Bob Jungels’s win on the opening day of the Tour of Oman today was no fluke. The 23-year-old had targeted the stage before even arriving in Oman and, when his Etixx-QuickStep team checked the route yesterday, he knew he had what it took.
This morning in the team meeting he announced his intention to win, and knowing the final four kilometres were downhill, he asked the mechanic to fit a 55-tooth chainring to his bike.
Most professional cyclists at this standard are confident in their own ability, but not all get to show it, especially when, like Jungels, you are the new boy and second youngest.
Not noted for his climbing, the Luxembourg rider found himself cresting the final climb in company of the likes of Dan Martin and Vincenzo Nibali, before making full use of that massive gear descending to the victory.
“It’s a climb that suits me, it’s not too steep and Astana were setting a good pace,” he said at the finish. “I told the mechanics to put a 55 tooth [chainring] in front because I planned this attack for two days, even longer.”
Jungels is one of three newcomers to the team with a win this year. Dan Martin took a stage of the Volta a la Comunitat Valenciana and Marcel Kittel won two stages and the general classification in Dubai earlier this month. Martin was impressed with Jungels, but believes the team environment helps.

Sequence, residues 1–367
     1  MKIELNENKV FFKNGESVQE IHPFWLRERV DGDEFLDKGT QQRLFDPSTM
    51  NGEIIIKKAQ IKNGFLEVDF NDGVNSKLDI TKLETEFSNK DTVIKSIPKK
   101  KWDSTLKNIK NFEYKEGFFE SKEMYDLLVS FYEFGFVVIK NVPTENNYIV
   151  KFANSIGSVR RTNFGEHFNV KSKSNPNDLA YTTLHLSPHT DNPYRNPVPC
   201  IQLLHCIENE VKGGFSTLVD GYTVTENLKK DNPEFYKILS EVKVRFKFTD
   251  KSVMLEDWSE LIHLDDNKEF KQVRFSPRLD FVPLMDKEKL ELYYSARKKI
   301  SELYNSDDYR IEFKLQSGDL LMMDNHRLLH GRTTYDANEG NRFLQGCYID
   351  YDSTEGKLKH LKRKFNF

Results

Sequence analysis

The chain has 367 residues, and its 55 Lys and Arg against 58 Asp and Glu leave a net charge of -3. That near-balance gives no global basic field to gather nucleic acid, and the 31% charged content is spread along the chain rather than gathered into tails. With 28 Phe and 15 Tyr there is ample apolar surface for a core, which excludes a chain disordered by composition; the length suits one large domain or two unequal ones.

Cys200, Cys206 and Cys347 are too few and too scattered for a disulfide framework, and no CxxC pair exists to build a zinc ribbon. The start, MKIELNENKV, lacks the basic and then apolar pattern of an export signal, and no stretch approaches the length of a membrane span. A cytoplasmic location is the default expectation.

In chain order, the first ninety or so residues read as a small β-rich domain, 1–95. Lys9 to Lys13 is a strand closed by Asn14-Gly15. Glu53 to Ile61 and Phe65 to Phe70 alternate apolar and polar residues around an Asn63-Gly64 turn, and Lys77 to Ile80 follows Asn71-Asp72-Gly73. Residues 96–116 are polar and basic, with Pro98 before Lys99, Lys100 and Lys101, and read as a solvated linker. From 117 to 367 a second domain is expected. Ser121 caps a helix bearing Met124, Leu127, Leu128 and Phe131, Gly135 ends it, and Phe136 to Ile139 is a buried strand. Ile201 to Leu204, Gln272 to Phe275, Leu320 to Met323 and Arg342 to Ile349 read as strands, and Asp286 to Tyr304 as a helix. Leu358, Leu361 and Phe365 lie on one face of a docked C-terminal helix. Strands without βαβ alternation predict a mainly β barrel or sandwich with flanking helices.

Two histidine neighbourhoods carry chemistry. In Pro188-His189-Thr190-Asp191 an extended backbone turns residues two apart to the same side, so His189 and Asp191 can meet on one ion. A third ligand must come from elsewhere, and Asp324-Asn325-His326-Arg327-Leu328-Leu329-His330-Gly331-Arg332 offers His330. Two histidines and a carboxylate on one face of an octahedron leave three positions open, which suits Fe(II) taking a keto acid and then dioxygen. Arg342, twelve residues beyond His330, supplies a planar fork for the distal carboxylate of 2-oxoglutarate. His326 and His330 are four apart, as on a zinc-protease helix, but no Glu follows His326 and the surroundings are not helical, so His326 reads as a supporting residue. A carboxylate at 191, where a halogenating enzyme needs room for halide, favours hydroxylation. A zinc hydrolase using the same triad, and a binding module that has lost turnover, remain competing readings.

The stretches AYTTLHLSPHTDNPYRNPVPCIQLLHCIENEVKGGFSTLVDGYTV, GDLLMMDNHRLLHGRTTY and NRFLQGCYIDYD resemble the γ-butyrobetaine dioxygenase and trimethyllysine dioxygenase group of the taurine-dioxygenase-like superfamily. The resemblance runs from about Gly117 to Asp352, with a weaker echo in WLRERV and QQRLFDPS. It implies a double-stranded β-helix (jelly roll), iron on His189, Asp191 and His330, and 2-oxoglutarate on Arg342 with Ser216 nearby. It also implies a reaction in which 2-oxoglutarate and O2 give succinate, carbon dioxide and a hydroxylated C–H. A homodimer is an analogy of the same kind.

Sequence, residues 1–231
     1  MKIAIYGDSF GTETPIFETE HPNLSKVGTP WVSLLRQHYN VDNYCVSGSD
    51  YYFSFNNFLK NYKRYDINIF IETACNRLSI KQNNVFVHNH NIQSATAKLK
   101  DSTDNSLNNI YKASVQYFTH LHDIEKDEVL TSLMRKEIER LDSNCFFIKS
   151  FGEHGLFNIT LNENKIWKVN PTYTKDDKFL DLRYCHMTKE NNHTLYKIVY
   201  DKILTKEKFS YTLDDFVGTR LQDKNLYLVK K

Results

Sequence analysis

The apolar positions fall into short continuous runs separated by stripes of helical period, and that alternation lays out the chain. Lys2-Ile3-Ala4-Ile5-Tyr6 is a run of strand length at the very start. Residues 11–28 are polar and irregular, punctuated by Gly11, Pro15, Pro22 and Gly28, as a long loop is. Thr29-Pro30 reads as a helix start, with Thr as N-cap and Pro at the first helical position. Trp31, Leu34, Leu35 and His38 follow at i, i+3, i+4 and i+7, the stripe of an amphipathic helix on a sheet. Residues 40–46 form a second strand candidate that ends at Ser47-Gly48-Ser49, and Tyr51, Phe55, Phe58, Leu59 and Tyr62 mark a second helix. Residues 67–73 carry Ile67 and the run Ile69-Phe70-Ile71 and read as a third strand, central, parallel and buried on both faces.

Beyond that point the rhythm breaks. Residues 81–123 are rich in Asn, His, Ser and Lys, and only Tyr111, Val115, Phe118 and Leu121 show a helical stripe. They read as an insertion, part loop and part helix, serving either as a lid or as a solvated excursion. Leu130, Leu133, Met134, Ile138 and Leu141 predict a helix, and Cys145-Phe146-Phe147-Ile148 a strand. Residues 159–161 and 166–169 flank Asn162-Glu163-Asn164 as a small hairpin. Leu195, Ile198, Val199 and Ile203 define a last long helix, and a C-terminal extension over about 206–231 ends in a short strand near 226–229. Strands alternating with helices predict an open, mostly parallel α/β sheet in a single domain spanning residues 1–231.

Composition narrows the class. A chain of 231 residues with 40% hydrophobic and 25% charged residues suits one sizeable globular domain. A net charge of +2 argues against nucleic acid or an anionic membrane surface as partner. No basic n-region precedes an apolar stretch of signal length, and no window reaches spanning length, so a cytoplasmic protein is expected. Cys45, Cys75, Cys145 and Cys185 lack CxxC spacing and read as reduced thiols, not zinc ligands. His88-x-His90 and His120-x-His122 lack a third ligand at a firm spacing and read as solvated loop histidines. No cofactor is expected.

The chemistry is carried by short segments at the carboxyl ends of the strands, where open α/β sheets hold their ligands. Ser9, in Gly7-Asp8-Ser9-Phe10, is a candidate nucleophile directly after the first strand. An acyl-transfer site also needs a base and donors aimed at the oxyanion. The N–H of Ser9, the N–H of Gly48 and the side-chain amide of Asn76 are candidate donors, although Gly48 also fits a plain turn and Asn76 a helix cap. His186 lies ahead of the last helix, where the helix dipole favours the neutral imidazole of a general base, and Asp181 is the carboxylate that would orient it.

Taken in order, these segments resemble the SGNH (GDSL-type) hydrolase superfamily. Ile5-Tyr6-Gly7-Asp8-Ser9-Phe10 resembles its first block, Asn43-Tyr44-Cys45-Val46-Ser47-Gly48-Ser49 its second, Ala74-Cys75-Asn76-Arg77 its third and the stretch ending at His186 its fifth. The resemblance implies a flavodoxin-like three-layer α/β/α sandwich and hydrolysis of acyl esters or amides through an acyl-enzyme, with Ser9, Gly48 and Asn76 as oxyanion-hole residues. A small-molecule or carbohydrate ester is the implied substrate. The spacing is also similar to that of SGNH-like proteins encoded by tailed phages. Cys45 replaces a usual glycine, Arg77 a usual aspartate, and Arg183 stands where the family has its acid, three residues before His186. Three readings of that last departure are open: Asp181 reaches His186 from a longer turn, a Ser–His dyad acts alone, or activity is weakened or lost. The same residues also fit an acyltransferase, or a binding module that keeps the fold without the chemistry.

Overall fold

“He’s so talented and relatively young,” the Irishman explained. “He had the confidence this morning to say, ‘guys I’m going to this,’ and he did exactly what he said he was going to do. He won. That shows the atmosphere in this team, all the wins we’ve had, it just breeds confidence and we’re on a roll.”
Jungels agrees: “The atmosphere is great and you really see it’s a different style of racing,” he explained.
“There is a very high level in the team. If you look at Valencia for every stage we had somebody who cold win, and it is the same here. There’s always a really good reason to work and to be motivated at the start, and I think the style of riding suits me much better, being more aggressive in the race.”
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Though not anonymous at his previous team, Trek Factory Racing, it appears the style of racing and freedom to perform is helping Jungels.
“Maybe we were a GC team, maybe we had a different style of riding, but I was also not so confident,” he explained. “I have more confidence here I don’t know if it comes from the team or if it just because I am growing and I’m getting stronger.”
Despite a recent opportunity to win in Valencia, where he followed a race motorbike off course whilst leading, that confidence remains. However, it remains to be seen whether Jungels can maintain his lead, let alone limit his losses on Friday’s ascent of Green Mountain and win the red jersey he will wear tomorrow.